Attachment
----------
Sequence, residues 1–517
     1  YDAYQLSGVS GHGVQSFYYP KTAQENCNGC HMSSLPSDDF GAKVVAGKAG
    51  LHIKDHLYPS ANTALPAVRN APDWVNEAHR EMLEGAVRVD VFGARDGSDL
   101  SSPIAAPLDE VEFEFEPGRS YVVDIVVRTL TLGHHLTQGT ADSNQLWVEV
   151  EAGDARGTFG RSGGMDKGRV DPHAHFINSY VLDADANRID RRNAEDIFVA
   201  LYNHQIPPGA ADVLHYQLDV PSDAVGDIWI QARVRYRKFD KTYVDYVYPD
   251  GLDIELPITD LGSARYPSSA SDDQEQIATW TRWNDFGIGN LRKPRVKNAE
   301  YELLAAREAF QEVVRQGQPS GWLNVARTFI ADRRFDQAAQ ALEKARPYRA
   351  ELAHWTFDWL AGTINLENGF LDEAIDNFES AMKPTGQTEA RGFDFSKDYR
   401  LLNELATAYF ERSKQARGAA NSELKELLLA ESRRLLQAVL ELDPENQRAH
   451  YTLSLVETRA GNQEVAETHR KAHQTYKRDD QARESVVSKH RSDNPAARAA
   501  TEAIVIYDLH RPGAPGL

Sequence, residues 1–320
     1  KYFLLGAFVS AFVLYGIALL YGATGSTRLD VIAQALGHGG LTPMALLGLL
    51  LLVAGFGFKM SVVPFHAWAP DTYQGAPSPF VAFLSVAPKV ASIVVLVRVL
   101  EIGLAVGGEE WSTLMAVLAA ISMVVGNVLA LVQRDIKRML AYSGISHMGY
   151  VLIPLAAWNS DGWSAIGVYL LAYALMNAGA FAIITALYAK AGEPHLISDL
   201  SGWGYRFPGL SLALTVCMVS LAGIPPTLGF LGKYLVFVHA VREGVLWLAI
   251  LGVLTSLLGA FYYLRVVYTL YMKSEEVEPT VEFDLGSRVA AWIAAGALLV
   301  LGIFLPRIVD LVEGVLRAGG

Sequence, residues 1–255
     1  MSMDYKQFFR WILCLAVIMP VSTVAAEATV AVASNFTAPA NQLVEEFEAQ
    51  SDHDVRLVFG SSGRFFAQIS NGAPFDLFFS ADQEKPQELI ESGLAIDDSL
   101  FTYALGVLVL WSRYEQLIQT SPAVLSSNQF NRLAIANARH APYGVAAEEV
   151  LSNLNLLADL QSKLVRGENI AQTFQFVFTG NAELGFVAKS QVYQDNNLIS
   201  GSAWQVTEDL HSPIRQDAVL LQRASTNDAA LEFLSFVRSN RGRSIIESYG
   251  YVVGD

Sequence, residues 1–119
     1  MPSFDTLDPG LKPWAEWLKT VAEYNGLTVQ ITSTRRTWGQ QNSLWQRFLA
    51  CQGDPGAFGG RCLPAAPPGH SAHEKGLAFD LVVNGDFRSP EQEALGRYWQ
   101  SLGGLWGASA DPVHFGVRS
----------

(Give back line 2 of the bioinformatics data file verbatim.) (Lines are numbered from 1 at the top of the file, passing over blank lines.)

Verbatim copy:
     1  YDAYQLSGVS GHGVQSFYYP KTAQENCNGC HMSSLPSDDF GAKVVAGKAG